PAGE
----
In the past, CIOs would look after the back-office processes that enabled the company to function, while others in the organization developed the products that generated revenue. Now these two functions are converging, as software-defined products impact nearly every industry.
Take travel, for one example. People no longer choose airlines based on which one has the best record for on-time arrivals. They base it on what the entire experience is like – from picking flights and buying tickets to how seamlessly the onboard entertainment system connects with your personal devices. Increasingly that experience is digital, enabled by back-office processes.
When Tesla began shipping to consumers, they realized they needed to develop a system that allowed each vehicle to stay connected to the back-end production system. So today, a new Tesla model can be a software upgrade you download to your car – even down to details such as how high the chassis rides relative to the wheels. Process IT and production IT are no longer separate.
Networks of people will replace corporate hierarchies for driving innovation.
Hierarchical organizations aren’t going away. IT staff will continue to report to the CIO, and the CIO will continue to report to the CFO or CEO. But passing information up and down the corporate pyramid is far too slow for companies that are hungry to innovate.
Decision making about what technologies to implement or solutions to pursue will increasingly be made by cross-functional teams within the organization. The reason is simple: When decisions are being made by networks of people, the ideas they generate are more innovative, and they happen more quickly. A network of smart people working together is always better than one smart person working alone.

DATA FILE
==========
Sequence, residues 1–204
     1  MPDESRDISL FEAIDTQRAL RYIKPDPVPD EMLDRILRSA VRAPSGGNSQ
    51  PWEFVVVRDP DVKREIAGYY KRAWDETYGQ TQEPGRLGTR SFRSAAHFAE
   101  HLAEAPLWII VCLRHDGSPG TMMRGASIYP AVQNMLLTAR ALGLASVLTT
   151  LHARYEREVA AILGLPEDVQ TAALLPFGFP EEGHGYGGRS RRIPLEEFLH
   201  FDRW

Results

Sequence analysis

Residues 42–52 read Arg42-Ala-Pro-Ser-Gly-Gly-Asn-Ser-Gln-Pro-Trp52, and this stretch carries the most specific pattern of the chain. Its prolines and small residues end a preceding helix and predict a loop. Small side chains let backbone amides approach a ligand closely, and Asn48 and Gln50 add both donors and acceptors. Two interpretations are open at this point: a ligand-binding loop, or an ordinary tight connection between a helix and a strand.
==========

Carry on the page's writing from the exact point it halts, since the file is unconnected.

Accepting this new paradigm may require some level of humility. CIOs and other technology leaders will need to accept that they don’t know more about technology than everyone else. Who owns a new idea must take a back seat to business results.
Every business leader is now a digital leader; every technology leader must help drive the business.
Over the last few years we’ve seen an explosion of new C-suite roles dealing with technology — Chief Digital Officer, Chief Software Officer, Chief IoT officer, and so on. At this rate, large organizations could end up with hundreds of chiefs with overlapping responsibilities. Ultimately, these roles will need to converge back into the CIO’s office. That’s where digital transformation needs to happen. Technology leaders must measure their success not by the size of their budget or the number of FTEs they oversee, but by the positive impact they can make on the business.
At the same time, however, digital expertise will become more widely distributed. Just as every executive has had to learn the basics of HR and accounting to manage personnel and budgets, they will also need to master the fundamentals of technology. The CIO role then morphs into more of an enabler, someone who helps coach business leaders on how to take charge over technology and become more digitally savvy.